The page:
Archive for Temple Grandin

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FollowTheLeaderThank you so much for following this blog about animals and animal communication! I wanted to let you know, however, that I have moved the entire blog to my main website and that is where new posts appear. I hope you will hop on over there to catch up and sign up to follow me at that location. And if you have a blog too, please put that in the comments there so I can check it out. Thanks so much! LetaSignature


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Pleasure Seeking – What It Really Means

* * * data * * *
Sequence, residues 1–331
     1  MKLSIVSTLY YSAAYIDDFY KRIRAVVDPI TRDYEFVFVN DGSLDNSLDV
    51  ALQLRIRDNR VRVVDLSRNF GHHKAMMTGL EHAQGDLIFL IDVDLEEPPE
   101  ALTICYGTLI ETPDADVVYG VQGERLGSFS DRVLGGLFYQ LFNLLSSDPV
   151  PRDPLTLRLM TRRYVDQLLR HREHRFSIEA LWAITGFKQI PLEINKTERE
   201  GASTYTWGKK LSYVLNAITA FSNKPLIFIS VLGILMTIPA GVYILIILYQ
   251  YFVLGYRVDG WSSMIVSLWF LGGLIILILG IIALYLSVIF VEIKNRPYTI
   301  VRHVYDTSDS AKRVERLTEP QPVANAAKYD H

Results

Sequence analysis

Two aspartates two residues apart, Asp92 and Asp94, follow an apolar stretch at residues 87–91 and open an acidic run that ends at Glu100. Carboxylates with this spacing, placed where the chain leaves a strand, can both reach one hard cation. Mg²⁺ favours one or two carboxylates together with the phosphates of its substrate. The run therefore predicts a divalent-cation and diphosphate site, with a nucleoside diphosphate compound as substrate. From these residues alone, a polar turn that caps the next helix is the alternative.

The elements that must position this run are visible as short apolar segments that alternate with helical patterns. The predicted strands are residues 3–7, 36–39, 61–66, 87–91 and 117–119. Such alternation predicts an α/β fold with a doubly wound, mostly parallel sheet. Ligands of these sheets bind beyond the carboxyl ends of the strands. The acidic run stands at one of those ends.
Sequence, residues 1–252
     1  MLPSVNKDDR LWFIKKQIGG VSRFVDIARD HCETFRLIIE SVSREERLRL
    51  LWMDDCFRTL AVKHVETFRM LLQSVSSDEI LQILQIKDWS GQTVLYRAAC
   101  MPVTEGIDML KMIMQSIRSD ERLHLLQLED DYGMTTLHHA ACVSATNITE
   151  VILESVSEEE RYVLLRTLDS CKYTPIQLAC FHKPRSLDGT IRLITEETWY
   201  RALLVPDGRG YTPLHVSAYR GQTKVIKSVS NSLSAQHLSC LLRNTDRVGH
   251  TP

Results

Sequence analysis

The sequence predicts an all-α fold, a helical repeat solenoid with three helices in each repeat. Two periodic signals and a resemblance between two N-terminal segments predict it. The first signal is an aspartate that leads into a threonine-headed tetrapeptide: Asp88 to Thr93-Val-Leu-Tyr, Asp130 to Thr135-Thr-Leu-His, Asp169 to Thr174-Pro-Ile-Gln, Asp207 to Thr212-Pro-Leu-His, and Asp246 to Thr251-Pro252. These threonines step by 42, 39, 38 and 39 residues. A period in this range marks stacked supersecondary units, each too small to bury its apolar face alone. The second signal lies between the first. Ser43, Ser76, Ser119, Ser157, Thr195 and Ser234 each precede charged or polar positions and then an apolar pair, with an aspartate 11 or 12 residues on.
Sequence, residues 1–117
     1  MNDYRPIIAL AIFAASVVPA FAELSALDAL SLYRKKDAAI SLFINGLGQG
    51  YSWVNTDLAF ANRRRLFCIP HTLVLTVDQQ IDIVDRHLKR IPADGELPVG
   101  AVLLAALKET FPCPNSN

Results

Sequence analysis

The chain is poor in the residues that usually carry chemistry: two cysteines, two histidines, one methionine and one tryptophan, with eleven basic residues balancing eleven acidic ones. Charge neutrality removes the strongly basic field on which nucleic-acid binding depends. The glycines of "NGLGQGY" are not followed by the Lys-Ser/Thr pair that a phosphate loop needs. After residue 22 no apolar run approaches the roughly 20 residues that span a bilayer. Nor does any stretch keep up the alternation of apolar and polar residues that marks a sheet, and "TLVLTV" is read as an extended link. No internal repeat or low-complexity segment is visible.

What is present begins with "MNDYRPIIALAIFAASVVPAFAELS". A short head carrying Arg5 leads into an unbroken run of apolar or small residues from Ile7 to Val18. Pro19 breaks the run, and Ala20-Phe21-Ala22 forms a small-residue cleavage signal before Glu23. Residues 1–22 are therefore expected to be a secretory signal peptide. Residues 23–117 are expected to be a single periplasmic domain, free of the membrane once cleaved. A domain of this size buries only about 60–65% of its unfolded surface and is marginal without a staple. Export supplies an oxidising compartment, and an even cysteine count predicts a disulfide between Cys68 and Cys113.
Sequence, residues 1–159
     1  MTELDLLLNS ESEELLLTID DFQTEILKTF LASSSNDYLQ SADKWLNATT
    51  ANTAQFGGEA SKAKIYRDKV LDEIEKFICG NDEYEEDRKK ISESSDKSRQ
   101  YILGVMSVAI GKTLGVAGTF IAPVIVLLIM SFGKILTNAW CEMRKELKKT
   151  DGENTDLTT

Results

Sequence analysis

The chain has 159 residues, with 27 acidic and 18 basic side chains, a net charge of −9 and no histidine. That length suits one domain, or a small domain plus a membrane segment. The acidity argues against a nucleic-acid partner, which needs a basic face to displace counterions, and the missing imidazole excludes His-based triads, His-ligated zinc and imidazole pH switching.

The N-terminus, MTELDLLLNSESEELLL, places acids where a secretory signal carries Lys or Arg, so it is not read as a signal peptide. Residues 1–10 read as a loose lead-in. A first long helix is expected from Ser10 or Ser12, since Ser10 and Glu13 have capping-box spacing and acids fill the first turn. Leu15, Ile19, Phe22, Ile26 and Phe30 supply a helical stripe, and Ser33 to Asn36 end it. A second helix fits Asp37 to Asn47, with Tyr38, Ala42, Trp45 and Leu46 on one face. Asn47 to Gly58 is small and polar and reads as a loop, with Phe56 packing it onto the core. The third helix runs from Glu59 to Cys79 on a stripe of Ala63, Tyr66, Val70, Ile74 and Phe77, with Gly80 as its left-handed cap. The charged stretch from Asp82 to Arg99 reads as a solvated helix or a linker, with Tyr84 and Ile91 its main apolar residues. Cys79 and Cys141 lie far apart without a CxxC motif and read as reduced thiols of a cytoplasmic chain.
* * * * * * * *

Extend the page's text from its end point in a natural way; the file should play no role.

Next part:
By now we’ve all heard the rather New Age’y platitude: 

It’s the journey that counts, not the end result.

Right? Well, it seems that’s applicable in many more areas of life than just one’s spiritual pursuit.

I remember clear as a bell riding the bus downtown with my grandmother when I was about six years old and demanding to know from her exactly how long it was until Christmas. Twelve weeks, she told me. This made me very excited as Christmas now seemed finally within reach, and my brother and I could start counting down the days! Do you remember that too? How exquisite the anticipation was? But then how once you began opening presents your ‘Christmas high’ sort of seemed to deflate? Somehow the end result was never as exciting as it had seemed it would be 12 weeks or so before.